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New report details where the money went at NEON

Norwalk NEON 021612 026
Former NEON President and CEO Joe Mann defends himself more than a year ago at a NEON board of directors meeting as he was under pressure to resign. At left is former NEON Board Chairman Greg Burnett.

NORWALK, Conn. – A damning report by the federal Department of Health and Human Services Office of Inspector General, featured on the home page of the agency’s website, spells out in detail the misuse of more than $314,000 in federal funds by NEON (Norwalk Economic Opportunity Now) in a period through September 2010.

The report covers ground that has been covered before, but offers greater details about where the money went and why the expenditures were disallowed. The report, which was posted June 4, carries the cover signature of Kay L. Daly, assistant inspector general, and is dated April 2013. And while no local names are mentioned, many of the expenditures are laid directly at the feet of former NEON President and CEO Joe Mann.

In its summary of findings, the report states: “Of the $513,779 in CSBG (Community Services Block Grant) and CSBG Recovery Act costs that the state agency claimed on behalf of NEON and that we reviewed, $199,174 was allowable under the terms of the grant and applicable federal regulations. However, the state agency claimed $314,605 (or 61 percent of reviewed expenditures) in unallowable costs on behalf of NEON.”

The government wants that money back.

Among the unallowable charges were $10,763 for credit card purchases “made by its former CEO that were either not supported or did not meet the program’s objectives.” Those included:

• $4,983 for items including $733 for personal travel following a business conference, $624 for three briefcases, $364 in purchases from Apple iTunes, and $142 for two Cross pens.

• $1,973 for costs such as fuel, car washes and Sirius XM radio that were related to his company vehicle.

• 27 credit card transactions totaling $2,478 that did not have adequate documentation to assess their allowability. Many of these purchases were made at stores that sell both business and personal items, such as restaurants (10 transactions), large retail stores (5 transactions), and supermarkets (2 transactions).

• 47 credit card transactions totaling $1,329 that had no supporting documentation. Many of these purchases were made at stores that sell both business and personal items, such as Apple iTunes (18 transactions) and Amazon.com (12 transactions).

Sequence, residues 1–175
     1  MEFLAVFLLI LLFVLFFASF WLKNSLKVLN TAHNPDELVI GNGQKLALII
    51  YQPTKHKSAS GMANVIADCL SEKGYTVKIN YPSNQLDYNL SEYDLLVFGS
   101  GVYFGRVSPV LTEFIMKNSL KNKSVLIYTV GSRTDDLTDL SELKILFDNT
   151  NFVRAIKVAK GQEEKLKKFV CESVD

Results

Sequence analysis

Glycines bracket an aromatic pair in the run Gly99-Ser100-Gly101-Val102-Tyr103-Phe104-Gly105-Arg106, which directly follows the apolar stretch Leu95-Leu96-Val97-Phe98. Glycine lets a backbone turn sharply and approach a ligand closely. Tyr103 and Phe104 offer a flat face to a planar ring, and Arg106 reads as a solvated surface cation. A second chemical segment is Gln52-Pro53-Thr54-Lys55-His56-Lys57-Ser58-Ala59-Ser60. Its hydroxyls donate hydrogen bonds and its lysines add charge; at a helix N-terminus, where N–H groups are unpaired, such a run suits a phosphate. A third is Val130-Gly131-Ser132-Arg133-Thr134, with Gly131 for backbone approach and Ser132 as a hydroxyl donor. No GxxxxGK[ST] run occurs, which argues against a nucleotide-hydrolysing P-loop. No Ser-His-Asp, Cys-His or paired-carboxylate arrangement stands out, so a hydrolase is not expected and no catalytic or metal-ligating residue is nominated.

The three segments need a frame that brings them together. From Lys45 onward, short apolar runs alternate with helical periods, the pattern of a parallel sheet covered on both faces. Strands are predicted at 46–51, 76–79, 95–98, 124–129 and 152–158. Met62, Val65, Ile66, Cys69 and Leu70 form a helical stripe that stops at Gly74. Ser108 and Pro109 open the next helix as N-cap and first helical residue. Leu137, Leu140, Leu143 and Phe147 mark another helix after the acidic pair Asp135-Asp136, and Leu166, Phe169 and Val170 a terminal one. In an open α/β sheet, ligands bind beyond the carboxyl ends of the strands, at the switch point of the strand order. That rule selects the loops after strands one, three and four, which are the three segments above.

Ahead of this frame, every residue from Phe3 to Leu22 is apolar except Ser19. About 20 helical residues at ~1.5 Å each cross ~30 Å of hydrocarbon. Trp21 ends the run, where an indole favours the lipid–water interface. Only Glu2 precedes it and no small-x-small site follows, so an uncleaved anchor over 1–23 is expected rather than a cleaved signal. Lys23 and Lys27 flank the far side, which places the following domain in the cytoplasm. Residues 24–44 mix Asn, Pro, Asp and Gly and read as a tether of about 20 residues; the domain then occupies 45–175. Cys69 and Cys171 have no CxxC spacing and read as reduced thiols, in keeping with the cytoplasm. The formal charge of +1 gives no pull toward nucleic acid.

The report continued:

“NEON charged its CSBG Recovery Act grant $3,175 for 127 unallowable gift cards from Walmart, Barnes & Noble and Borders. NEON intended to distribute the gift cards to fathers who attended events that encouraged them to take a more active role in their children’s lives. As supporting documentation, NEON’s former director of community services provided us with attendance sheets of gift card recipients. However, when we reviewed and compared the attendance sheets, we noted that some attendance sheets were duplicates, included staff members as recipients, and included additional signatures that had been added after these events had taken place. The former director said that he had ‘recreated’ some attendance sheets by photocopying attendance sheets for Head Start events, changing some of the dates and adding information indicating that the event recipients had received gift cards. Our analysis further showed that information on the attendance sheets did not match the information on the finance department’s gift card logs.”

Then there were the thrift shop expenses. According to the report, NEON said it would use Recovery Act grant funds to establish a nonprofit thrift store at property that it owns at 24 Havilland St., which would create at least five retail jobs in the store and provide a job training site for NEON clients with little-to-no work history. Unallowed expenditures included $28,924 for thrift store operating costs that were “not reasonable,” and $28,116 for thrift store renovations that were not preapproved.